Maia Evrona

Poet; Memoirist; Translator

A Horizon of Furious Salt

A new Sutzkever translation of mine was recently published in Tupelo Quarterly.

This is one of my favorite poems from the Diary collection. One doesn’t need to have survived the Holocaust to have an experience like the one Sutzkever describes, in which a particular sight, scent, or sound suddenly recalls another time in one’s life. In Sutzkever’s case, the catalyst is seeing, and listening to, the storks who migrate through Israel back to northeast Poland/Lithuania/western Belarus—where Sutzkever was born but to which he could not return.

This poem featured the word Lite, a tricky word to translate, as I have explained elsewhere:

While in The Blade of Grass from Ponar, I translated Lite as Lithuania, this time, I chose to translate it as “what then was Poland.” I made this choice for a number of reasons, one being that, in this context, it is correct: Sutzkever’s hometown, Vilna, was indeed part of Poland at the time he lived in it. Going with what some might describe as an over-translation had other benefits, the first being musical: Poland flows better with “caravan” than Lithuania does.

Beyond that, “what then was Poland” drives home for the English reader that the place Sutzkever is longing for is one that no longer exists as it once did. Unfortunately, using either Lithuania or Poland carries the danger of leading an English reader to believe that Sutzkever held more attachment to those countries, as we currently define them, than he really did (his feelings about Poland are a topic for another time). The Vilna that had shaped him was a city with a significant Jewish presence, but where Jews were not necessarily seen as fellow citizens by Poles or Lithuanians. At the time when Sutzkever wrote this poem, Vilna was still behind the Iron Curtain. Even today, visiting the country would not be simple. Though the Lithuanian ambassador to Israel attended Sutzkever’s funeral, and claimed that the Lithuanian parliament had held a moment of silence upon his passing, the country has also, in recent years, attempted to prosecute former Jewish partisans, claiming that they murdered innocent Lithuanians (they didn’t, but Lithuanian volunteers did carry out the majority of the murders at Ponar).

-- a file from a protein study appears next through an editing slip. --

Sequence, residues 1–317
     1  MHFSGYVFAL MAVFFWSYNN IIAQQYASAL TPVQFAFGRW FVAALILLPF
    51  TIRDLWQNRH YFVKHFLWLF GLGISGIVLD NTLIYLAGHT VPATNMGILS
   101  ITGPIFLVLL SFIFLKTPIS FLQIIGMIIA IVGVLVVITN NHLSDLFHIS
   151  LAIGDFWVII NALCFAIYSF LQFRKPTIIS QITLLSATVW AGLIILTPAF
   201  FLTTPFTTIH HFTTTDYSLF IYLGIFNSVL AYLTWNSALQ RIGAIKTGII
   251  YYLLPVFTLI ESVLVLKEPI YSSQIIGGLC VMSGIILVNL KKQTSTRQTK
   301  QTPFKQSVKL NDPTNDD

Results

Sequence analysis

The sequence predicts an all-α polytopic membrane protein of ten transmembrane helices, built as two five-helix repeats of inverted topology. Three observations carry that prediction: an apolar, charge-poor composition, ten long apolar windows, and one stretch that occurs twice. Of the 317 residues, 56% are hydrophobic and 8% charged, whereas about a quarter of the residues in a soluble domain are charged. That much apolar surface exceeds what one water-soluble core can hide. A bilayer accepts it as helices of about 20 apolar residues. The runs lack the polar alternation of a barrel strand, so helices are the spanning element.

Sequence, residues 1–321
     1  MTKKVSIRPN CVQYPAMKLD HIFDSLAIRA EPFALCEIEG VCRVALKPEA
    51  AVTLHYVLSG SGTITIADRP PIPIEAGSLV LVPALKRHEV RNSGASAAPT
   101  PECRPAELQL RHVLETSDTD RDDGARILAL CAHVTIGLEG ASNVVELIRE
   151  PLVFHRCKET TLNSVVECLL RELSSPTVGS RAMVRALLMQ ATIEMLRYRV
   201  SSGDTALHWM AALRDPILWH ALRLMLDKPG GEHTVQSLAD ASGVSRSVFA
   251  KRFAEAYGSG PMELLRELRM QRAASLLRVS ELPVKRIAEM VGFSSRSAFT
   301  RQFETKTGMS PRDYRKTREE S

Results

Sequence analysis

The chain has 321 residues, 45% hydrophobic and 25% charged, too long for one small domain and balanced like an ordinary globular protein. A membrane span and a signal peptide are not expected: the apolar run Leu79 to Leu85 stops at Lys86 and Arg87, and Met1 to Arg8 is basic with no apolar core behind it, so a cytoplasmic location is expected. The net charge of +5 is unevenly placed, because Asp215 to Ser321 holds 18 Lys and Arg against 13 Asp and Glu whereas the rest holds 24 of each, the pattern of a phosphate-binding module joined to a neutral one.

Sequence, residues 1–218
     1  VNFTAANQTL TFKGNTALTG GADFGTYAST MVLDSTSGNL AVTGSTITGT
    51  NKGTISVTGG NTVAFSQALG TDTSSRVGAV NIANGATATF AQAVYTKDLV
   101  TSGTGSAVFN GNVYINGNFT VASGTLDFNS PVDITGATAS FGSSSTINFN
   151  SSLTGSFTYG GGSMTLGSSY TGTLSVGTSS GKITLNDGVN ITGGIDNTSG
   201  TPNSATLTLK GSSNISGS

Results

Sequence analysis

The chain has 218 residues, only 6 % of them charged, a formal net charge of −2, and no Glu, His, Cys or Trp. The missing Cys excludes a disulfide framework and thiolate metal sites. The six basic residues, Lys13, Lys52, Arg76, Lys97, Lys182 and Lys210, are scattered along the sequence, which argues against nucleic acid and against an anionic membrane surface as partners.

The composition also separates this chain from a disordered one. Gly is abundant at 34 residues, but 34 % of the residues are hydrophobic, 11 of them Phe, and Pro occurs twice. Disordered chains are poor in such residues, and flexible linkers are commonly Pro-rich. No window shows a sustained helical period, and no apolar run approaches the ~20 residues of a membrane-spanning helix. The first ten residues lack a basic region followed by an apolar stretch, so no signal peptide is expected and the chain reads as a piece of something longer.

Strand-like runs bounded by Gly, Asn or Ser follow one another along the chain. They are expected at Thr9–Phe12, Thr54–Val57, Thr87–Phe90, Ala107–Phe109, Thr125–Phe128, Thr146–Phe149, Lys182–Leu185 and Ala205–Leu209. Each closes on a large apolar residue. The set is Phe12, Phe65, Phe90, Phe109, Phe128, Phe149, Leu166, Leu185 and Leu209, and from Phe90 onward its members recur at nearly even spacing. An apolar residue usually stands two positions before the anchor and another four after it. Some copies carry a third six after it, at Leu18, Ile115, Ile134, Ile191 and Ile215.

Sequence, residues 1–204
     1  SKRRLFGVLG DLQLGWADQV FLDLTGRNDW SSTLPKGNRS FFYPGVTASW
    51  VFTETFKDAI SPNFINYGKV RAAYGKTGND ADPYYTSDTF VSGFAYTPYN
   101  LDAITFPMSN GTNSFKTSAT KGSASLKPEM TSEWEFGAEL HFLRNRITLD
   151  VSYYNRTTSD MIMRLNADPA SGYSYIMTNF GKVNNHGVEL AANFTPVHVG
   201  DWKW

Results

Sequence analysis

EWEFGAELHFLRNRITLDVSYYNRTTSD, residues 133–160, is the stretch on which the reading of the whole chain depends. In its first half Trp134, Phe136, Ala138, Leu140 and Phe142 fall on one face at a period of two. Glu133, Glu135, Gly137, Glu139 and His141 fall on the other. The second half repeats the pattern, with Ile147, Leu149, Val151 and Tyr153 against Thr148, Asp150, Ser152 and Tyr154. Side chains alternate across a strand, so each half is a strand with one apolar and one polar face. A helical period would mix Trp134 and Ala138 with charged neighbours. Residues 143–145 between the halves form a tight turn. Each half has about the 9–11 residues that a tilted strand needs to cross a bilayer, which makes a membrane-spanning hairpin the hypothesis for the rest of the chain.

While it’s always a danger, when translating from Yiddish, to make too much of the presence of words borrowed from other languages, there is a certain Polish presence in “A Horizon of Furious Salt.” Butshan the Yiddish word for stork that Sutzkever uses here, is borrowed from the Polish bocian. At the very end of the poem, Sutzkever uses the rather unusual Yiddish verb brentslen, to describe the demon strumming the “string of storks.” This word may be a related to a similar Polish and Russian word, which also means to pluck or strum, but which my klezmer friend Michael Alpert tells me has come to denote playing a stringed instrument badly. When this poem appears in a book, I may change “pluck” to “strike.”

In the original collection, “The Blade of Grass from Ponar” and “A Horizon of Furious Salt” appear next to one another. I look forward to replicating this order when these translations are published as a book, so I can keep readers on their toes about the imperfect translations of Lite.

If you are interested in the connection between Poland and storks, be sure to read this article:

Migrating birds, hundreds of thousands of storks among them, travel through modern-day Israel, and are particularly fond of the Hula Valley. There was a time when the Israelis were, as Yehuda Amichai once wrote, “convinced the Hula swamp had to be drained” due to malaria. However, doing so proved disastrous for migrating birds, and the valley was eventually filled with water again. As Amichai wrote, “it was all a mistake.” Now some birds are so comfortable in the Hula Valley that, in a twist that is both fitting and ironic, they stay year-round.

Here is an article about Israel’s migrating birds:

Copyright: Maia Evrona, 2013. All rights reserved.